The source code examples that I am writing about in this post can also be found in my test threejs repository on Github.
When I first started this post I was using revision 98 of three.js, which was released in late October 2018. The last time I edited this post I was using revision revision 135 of threejs, and when it comes to the arrow helper at least it would seem that not much has changed.
Still three.js is a project that is being developed, and at a fairly fast rate with new revisions continuing out what seems like every month almost. Although not much has changed with the arrow helper, a great deal has changed elsewhere in the library when I first started this post, and many of my other posts, and these changes can often result in code breaking. So if the code examples here break the first thing you should check is the version number of threejs that you are using.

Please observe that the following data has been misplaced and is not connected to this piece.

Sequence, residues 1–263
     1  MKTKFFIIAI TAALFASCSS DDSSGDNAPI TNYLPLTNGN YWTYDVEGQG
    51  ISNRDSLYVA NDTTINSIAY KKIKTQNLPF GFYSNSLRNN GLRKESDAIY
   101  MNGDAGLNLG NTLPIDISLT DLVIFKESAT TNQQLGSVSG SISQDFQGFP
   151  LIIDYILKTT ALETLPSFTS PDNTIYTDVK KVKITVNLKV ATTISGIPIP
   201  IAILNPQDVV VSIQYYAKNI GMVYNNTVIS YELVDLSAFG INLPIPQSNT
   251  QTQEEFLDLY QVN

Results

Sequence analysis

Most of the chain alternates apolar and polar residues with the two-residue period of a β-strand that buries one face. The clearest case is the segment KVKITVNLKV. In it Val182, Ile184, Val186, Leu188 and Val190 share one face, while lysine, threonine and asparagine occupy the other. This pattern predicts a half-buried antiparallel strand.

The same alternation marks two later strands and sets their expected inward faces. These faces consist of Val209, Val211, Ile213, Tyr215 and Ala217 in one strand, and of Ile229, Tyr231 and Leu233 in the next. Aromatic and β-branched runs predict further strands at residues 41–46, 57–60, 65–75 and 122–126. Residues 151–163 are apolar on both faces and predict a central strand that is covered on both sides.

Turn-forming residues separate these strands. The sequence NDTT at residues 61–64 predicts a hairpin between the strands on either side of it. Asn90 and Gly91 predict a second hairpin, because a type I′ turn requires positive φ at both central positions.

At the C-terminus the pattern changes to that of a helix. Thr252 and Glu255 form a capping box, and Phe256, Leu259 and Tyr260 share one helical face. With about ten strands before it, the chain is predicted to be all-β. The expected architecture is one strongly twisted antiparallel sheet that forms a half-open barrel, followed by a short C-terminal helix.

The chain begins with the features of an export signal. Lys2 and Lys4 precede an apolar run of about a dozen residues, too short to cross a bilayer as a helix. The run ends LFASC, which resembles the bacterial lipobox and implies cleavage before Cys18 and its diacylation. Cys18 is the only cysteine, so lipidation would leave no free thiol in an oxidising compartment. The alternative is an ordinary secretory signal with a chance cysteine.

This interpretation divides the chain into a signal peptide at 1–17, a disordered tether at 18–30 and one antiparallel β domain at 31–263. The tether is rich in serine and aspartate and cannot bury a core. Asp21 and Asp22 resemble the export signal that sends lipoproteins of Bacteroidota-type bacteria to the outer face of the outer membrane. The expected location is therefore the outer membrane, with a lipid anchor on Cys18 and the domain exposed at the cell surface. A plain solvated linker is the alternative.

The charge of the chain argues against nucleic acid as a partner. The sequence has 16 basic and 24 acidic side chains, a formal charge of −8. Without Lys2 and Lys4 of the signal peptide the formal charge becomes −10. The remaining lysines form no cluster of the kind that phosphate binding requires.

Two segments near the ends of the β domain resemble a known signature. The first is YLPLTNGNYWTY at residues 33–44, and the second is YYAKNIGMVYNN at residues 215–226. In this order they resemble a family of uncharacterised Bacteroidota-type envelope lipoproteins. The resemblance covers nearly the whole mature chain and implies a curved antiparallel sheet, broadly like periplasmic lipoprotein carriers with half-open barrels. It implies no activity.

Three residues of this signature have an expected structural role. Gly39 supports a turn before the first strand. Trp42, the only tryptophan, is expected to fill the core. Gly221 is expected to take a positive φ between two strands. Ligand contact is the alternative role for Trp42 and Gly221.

To start things off I will be writing about some basic examples of arrow helpers in threejs in this first section. The general idea is simple enough I just call the THREE.ArrowHelper constructor function and pass some arguments that are use to define the direction and origin of the arrow. There are a number of other arguments though, and also a few other things might not be so strait forward. So there will be a few examples in this section where the goal is to address many of these basic things that will come up when working with arrow helpers in threejs.